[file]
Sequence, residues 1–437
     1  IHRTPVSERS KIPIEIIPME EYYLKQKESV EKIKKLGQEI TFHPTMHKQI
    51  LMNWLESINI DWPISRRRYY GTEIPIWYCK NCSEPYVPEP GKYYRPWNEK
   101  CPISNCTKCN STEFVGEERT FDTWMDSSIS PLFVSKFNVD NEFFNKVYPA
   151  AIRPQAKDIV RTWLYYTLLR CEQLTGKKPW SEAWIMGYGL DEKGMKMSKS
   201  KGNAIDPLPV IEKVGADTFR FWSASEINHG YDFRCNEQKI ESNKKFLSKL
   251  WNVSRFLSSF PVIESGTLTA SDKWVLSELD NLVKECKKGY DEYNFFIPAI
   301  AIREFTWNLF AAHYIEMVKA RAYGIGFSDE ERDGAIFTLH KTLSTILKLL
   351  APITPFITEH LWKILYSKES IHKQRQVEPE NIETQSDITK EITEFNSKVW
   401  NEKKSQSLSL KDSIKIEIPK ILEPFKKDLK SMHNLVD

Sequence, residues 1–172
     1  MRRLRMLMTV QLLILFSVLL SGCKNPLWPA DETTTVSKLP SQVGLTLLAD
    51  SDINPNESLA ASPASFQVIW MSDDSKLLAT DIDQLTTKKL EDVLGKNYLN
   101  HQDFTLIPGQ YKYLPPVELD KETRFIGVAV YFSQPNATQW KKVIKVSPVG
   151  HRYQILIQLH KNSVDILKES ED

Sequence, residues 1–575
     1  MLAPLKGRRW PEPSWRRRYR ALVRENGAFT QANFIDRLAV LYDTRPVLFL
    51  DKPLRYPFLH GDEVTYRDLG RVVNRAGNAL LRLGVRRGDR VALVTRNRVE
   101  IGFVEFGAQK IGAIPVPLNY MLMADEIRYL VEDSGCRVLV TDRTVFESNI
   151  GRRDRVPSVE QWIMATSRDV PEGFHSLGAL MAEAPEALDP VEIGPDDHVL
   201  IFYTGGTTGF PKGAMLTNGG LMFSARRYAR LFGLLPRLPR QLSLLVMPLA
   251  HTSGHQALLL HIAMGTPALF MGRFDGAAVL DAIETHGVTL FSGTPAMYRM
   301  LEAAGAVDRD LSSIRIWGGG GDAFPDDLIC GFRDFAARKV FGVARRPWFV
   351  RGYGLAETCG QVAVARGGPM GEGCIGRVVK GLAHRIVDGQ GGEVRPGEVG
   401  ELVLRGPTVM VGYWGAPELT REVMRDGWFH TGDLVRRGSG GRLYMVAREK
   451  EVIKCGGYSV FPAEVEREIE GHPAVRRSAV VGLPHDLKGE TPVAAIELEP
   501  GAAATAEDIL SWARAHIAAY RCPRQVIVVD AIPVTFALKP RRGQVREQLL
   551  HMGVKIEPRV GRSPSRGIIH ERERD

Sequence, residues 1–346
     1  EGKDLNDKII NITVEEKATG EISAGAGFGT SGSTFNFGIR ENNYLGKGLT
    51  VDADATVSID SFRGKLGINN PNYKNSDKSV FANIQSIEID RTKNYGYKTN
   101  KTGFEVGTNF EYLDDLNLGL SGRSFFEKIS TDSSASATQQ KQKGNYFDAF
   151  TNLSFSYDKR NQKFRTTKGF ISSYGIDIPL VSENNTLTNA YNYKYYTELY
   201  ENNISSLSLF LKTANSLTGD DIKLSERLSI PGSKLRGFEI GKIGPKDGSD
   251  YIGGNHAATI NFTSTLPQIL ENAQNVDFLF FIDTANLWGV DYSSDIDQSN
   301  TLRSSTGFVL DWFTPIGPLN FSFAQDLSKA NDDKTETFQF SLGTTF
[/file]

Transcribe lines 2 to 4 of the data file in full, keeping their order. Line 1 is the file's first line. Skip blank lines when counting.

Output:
     1  IHRTPVSERS KIPIEIIPME EYYLKQKESV EKIKKLGQEI TFHPTMHKQI
    51  LMNWLESINI DWPISRRRYY GTEIPIWYCK NCSEPYVPEP GKYYRPWNEK
   101  CPISNCTKCN STEFVGEERT FDTWMDSSIS PLFVSKFNVD NEFFNKVYPA